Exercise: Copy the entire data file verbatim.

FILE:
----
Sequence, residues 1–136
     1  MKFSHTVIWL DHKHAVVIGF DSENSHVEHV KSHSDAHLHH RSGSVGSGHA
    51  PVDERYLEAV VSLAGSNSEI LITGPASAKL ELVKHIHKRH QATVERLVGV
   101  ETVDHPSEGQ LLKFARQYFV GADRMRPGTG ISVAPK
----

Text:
Sequence, residues 1–136
     1  MKFSHTVIWL DHKHAVVIGF DSENSHVEHV KSHSDAHLHH RSGSVGSGHA
    51  PVDERYLEAV VSLAGSNSEI LITGPASAKL ELVKHIHKRH QATVERLVGV
   101  ETVDHPSEGQ LLKFARQYFV GADRMRPGTG ISVAPK